Florence art guide

Fortezza da Basso

ehibition area
The ehibition area


The monumentale complex of the Fortezza da Basso, built on the outskirts of a mediaeval city from a design by the great architect Antonio da Sangallo the Younger, with the help of Pierfranceco da Viterbo, is now the main exhibition centre in Florence, where all the most important trade fairs and shows are held. A cyclopic building with powerful bastions bristling with turrets, full of narrow passages, parapet walks and secret passages, the Fortress of San Giovanni Battista (called after St. John the Baptist, the Patron Saint of the city), is also a wonderful example of Renaissance architecture: built on a pentagonal plan, the shape of a human figure can be perfectly inscribed within its perimeter. The facade of the outer walls is carried out in round diamond-pointed projecting stone ashlars, perhaps inspired by the coat of arms of the Medici family, who ordered its construction. This sophisticated military machine, a splendid example of the celebrated Fortresses built by the Sangallo family, was constructed in record time in 1534, during the reign of Duke Alessandro and with the return to power in Florence of the Medici family after the dramatic seige of 1529-30. The Fortress, built under the growing threat of turbulent political upheavals, was one of the very first Italian "citadels" and seems rather to have been built as a protection against the city's inhabitants than from its external enemies. Paradoxically enough, throughout all its long history, which dates from 1533 when Sangallo received his commission, this impregnable fortress was never once attacked and has thus remained intact to this day.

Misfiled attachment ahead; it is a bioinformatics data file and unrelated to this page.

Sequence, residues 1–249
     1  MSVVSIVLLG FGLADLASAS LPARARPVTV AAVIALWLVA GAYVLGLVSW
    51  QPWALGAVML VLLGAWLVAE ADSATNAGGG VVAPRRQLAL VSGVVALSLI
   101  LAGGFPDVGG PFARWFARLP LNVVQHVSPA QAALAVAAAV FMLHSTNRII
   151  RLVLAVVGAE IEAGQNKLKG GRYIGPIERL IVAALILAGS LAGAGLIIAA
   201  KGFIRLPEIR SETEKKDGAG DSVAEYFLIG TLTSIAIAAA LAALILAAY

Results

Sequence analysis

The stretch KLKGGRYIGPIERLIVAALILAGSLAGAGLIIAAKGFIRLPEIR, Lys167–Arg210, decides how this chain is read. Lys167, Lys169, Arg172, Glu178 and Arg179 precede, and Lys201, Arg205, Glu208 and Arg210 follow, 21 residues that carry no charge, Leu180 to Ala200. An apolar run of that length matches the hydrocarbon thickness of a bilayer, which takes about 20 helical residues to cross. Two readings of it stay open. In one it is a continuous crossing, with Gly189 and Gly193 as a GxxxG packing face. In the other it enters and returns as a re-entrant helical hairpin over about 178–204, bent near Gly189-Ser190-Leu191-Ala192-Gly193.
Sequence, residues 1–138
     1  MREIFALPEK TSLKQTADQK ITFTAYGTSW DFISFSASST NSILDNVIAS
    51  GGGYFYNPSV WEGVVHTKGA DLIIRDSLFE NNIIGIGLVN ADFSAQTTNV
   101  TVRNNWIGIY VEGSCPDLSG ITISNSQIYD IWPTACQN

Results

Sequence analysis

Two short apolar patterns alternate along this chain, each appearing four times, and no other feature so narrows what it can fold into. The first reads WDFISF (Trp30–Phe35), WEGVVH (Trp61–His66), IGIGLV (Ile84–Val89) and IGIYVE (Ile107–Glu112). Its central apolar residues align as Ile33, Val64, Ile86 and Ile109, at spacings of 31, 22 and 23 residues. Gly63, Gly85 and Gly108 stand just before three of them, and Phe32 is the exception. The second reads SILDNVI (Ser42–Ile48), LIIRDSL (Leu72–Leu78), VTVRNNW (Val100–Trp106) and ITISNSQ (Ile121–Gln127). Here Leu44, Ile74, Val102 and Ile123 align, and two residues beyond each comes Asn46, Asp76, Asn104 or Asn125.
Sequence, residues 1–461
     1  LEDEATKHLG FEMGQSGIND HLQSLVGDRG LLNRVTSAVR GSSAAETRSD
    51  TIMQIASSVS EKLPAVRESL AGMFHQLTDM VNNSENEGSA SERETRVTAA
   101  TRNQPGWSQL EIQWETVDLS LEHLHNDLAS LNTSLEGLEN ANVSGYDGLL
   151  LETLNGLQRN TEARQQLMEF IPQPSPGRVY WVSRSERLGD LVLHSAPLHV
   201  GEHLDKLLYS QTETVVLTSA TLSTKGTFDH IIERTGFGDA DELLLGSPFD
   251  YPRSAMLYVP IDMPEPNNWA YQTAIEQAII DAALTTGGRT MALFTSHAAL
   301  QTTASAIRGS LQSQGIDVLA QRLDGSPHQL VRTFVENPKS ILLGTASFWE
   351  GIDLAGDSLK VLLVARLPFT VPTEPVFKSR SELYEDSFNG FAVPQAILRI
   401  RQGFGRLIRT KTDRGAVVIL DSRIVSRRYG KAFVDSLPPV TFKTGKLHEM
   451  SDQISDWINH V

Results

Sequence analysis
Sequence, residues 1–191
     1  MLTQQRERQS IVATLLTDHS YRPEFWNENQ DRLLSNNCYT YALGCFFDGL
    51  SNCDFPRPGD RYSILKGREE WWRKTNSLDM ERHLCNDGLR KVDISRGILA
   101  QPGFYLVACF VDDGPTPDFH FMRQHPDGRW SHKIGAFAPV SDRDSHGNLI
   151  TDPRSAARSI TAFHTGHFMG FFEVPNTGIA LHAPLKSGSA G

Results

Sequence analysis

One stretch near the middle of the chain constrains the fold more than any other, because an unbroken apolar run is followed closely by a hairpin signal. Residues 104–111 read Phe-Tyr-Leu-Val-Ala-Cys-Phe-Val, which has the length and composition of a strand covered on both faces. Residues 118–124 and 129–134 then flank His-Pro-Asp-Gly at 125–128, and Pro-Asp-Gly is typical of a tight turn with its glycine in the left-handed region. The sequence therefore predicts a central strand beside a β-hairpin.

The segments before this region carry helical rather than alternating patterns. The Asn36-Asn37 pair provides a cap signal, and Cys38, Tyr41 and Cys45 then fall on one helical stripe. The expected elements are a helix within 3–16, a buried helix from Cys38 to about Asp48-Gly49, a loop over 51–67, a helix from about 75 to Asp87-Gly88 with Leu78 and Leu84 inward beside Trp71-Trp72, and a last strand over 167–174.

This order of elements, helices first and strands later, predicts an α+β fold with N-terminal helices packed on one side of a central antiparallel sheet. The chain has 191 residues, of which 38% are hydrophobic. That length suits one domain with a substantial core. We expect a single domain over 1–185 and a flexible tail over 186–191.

bastions of the Fortezza da Basso
View of the bastions of the Fortezza da Basso

Nowadays the Fortress is used for all of the most important Florentine exhibitions and fairs (from Pitti Immagine to the International Exchange of Congress Tourism, Florence Gift Mart to Eurocamper, the International Exhibition of Crafts to Prato Expo...).
Built on three floors, the modern pavilion that is usually used for these events was designed by architect Pierluigi Spadolini and inaugurated in 1977. Standing in the centre of the great square inside the Fortress, the Pavilion is surrounded by ancient buildings that are gradually being restored: the Theatrino Lorenese, the Palazzo delle Nazioni, the Arsenal... while, ever since the 1966 flood, the large buildings on the southern side have hosted the restoration Laboratories of the Opificio delle Pietre Dure.

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